The secretive Establishment 22 you talk about is merely a Indian ploy to placate seething Tibetans that as and when situations comes India will support there cause just like we did to Mukti Bahini for Bangladesh. But I suspect that is never going to happen.

    awaiting response


    Joydeep Ghosh

  2. Amazing...the use of the words Paris Hilton and Sharon Stone in a Broadsword article.

    Restoration of Broadsword quality please.

  3. unfortunately unless china is going through some catastrophic political change - a la USSR , any redrawing of boundary is most unlikely.

  4. With all due respect, India with its current diplomatic initiatives would be lucky to have the LAC made the permanent border with Tawang south of it.

    Anything more [Aksai Chin,shaksgam] is only wishful thinking, talking about on regaining control of Tibet is even beyond the realm of wishful thinking.

  5. Very Brave but an utterly saddening article.

    A dirty page of the history has passed and an entirely new page has to be opened.

    Gyaltsen Norbu “the so-called Chinese Panchen Lama” shall instead be declared as the "Chairman of the Central Committee of the Communist Party of China" and shall be treated as such. He should be kept at Peking in his due forbidden palace.

    There is no way out but to forget the autonomy and to declare the full independence of Tibet. TBSF (Tibetan Border Security Force) shall be formed to defend the enhanced Northern and Eastern borders of Tibet with China with the help of standby Indian Armies in case. Visa system shall be abandoned between India, Tibet and Nepal.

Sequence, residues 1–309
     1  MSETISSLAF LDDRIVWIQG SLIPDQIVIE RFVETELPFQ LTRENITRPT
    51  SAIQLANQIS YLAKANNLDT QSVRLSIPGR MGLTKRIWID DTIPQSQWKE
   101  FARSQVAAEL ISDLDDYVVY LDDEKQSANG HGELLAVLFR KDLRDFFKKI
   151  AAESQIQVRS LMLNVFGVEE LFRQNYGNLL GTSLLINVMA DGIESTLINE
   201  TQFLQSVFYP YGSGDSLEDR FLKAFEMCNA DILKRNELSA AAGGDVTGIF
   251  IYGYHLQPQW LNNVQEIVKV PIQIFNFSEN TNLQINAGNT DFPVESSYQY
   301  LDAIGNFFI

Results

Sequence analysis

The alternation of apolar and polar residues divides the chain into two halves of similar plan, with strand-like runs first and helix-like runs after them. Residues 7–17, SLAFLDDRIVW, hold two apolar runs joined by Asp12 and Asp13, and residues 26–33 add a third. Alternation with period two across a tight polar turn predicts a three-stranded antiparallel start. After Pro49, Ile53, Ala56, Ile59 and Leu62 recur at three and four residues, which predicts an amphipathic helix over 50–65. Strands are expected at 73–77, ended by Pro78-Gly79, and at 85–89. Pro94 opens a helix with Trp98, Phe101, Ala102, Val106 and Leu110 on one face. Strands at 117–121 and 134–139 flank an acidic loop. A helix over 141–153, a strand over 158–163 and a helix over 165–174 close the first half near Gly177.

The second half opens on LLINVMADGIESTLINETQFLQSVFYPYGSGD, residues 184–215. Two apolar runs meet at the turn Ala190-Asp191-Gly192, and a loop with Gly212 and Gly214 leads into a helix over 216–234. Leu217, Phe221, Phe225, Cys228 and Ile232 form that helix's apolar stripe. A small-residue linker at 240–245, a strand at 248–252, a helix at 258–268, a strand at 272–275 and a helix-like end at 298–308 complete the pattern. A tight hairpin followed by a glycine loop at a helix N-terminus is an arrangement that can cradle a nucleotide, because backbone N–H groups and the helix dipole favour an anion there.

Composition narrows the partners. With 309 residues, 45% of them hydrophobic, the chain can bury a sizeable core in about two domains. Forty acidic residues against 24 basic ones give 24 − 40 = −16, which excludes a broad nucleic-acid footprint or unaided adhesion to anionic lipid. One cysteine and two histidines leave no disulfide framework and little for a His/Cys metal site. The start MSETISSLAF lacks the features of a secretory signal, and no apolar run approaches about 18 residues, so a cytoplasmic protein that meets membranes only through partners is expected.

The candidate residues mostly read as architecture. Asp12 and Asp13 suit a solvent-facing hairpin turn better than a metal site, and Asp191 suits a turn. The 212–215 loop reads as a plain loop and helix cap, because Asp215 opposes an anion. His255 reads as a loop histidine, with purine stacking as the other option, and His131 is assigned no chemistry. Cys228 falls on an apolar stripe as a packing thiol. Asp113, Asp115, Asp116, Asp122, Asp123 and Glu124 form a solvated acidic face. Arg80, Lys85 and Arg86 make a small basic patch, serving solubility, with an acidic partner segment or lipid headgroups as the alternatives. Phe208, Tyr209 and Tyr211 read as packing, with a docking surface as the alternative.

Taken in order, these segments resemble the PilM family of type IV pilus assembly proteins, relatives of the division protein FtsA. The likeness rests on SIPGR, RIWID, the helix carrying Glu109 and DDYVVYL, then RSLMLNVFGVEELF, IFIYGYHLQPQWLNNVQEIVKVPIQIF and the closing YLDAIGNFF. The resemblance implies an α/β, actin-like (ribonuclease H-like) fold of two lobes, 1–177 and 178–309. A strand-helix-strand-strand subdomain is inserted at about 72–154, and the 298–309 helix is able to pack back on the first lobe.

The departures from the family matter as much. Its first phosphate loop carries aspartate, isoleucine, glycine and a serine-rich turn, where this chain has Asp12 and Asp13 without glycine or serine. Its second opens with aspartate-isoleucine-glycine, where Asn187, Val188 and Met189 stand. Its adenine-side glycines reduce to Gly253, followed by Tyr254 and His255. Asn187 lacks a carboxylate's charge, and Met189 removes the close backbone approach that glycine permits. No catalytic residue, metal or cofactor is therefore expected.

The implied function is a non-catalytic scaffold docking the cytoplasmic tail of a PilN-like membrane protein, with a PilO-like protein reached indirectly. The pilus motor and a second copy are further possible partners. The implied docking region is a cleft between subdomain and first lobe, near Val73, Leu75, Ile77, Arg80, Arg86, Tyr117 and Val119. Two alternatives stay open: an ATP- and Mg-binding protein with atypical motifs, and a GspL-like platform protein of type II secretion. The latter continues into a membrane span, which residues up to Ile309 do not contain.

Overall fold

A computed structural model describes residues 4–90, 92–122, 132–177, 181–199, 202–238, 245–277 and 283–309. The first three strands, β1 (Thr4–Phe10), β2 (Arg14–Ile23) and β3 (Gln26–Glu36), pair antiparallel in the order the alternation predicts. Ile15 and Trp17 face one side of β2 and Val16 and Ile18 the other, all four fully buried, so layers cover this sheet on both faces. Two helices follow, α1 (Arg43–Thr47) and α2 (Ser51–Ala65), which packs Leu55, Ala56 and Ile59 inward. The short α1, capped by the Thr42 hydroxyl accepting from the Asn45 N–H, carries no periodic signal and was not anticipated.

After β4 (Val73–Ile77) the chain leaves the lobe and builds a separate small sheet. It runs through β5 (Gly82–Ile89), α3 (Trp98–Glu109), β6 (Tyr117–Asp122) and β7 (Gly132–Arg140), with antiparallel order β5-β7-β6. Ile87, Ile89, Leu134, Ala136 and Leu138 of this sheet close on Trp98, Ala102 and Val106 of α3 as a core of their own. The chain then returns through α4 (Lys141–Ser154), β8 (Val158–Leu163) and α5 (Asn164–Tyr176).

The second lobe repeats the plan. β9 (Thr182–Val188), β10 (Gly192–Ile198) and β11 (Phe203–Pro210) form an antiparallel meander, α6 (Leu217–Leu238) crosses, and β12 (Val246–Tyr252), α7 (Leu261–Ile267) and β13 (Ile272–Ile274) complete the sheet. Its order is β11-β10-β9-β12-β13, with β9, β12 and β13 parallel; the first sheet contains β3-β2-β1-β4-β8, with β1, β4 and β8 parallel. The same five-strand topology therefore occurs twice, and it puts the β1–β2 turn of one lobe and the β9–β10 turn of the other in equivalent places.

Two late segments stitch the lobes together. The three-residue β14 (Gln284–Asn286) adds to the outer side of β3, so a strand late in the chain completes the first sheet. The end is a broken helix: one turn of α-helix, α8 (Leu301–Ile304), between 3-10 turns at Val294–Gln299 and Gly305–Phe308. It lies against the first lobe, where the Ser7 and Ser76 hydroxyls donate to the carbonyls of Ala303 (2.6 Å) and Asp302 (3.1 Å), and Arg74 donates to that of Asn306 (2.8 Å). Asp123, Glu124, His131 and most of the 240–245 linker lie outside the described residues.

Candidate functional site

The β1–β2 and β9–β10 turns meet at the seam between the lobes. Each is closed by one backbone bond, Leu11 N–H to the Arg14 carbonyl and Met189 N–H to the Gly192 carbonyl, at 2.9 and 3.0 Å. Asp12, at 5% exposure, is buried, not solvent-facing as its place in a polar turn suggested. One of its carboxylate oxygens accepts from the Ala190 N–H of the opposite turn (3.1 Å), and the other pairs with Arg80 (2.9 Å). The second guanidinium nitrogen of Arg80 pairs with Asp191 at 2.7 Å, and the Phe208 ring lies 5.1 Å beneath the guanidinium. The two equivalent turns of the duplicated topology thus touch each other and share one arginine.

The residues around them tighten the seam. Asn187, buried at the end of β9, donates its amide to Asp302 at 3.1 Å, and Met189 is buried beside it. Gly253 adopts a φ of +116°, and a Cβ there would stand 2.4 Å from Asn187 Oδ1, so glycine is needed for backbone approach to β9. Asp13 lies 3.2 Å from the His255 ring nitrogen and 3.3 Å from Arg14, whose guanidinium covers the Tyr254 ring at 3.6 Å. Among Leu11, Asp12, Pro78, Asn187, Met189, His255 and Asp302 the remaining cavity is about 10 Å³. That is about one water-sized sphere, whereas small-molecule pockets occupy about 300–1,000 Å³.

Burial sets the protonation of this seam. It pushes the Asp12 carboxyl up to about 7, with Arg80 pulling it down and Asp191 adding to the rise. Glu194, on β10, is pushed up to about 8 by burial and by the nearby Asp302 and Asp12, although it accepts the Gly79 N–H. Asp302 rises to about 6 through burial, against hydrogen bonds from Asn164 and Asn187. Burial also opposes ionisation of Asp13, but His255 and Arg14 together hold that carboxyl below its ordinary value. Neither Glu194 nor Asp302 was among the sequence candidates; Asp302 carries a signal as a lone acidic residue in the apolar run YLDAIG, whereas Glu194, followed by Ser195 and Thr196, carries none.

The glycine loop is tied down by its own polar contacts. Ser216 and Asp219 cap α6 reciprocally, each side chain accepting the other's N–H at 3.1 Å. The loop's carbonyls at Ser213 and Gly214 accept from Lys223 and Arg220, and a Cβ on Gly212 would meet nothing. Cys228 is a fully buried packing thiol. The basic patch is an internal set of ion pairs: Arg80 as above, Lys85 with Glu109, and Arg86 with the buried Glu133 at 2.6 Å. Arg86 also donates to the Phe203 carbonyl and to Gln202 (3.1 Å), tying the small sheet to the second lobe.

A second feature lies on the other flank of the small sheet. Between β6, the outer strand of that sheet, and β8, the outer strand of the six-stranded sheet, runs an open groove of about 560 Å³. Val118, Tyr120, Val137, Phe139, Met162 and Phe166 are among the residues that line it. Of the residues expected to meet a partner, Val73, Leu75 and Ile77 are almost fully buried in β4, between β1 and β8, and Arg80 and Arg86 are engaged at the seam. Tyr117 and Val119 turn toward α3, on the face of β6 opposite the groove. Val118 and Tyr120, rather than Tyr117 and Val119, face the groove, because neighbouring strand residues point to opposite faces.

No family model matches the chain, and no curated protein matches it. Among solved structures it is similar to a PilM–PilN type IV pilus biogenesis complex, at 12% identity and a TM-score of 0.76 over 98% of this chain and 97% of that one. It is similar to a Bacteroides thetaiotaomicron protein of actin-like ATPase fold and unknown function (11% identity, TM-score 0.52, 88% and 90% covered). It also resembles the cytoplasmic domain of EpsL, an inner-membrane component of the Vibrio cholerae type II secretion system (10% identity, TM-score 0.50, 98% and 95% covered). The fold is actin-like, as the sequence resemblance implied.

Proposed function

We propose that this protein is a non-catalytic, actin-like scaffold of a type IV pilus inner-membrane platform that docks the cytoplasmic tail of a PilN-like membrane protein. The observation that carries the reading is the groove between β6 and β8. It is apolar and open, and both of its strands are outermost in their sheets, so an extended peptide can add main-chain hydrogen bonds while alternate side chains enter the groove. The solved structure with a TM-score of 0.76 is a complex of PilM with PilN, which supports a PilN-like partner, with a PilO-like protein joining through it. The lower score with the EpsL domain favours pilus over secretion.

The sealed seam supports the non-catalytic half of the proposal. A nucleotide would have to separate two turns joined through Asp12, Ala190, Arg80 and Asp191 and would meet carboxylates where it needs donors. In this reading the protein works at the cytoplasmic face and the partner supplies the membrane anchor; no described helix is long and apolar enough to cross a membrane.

Han people shall be allowed a generous period of at least six months to peacefully leave the Tibet without harming any of their so-called properties. These properties may be distributed in a socialist manner to the Tibetan refugees returning back from India. However those Han people who support the liberation of Tibet shall be allowed to continue their businesses with no voting powers.

    If China remains worth it, it should be allowed to make the compensations for exploiting Tibet for so long and also to compensate for its wars against India, Vietnam and Russia.

    Chinese strategies, tactics and timings were excellently designed for their expansionism.

  6. We need bold leader to take bold decisions, India has always lacked such leaders, What can u expect from a govt who is trying to avoid the recent incident when 4 Indian army men were beheaded by pak army.
    They cant support thr own people, how wud they support others?even if its in our interest.

  7. Ajay Sirjee,

    You are crying foul over a lost cause. The Indian govt. specially under our beloved MMS is busy mollycoddling the enemies of India with his peace talks while thousands of Indians themselves are dying. The govt. just doesn't care. To liberate Tibet is not only a distant dream but also a lost case altogether. But why blame India alone, the Mighty USA and Europe who cry their throats out about freedom, justice, human rights and blah blah blah, and are busy crushing defenseless weak countries, shy away into their night dresses when it comes to China. Take my word, every action has an equal and opposite reaction, a Just one. Someday, the tyranny will end and they will meet their fates. After all, this is what Buddhism teaches us.

  8. Is there anything that Nehru did not end up screwing up. One man's mistake has cost the lives of so many people and perpetual loss face for India.

  9. Shukla ji your blog is sure to get a visit from the chinese dlones

  10. Col Ajai

    Tell me your reasons for this history lesson, which most of us already know.

    China or for that reason India as the time goes will not be able to hold Tibet. Today China has temporary advantage. Wait until the new Tibetan generation takes up arm against the Chinese in earnest. Right now they are quite, humble and reasonable, thanks to His holiness Dalai Lama. If the Tibetan become aggressive, then 2 million of the Chinese soldiers will not be able to contain the uprising. The terrain favors guerrilla warefare.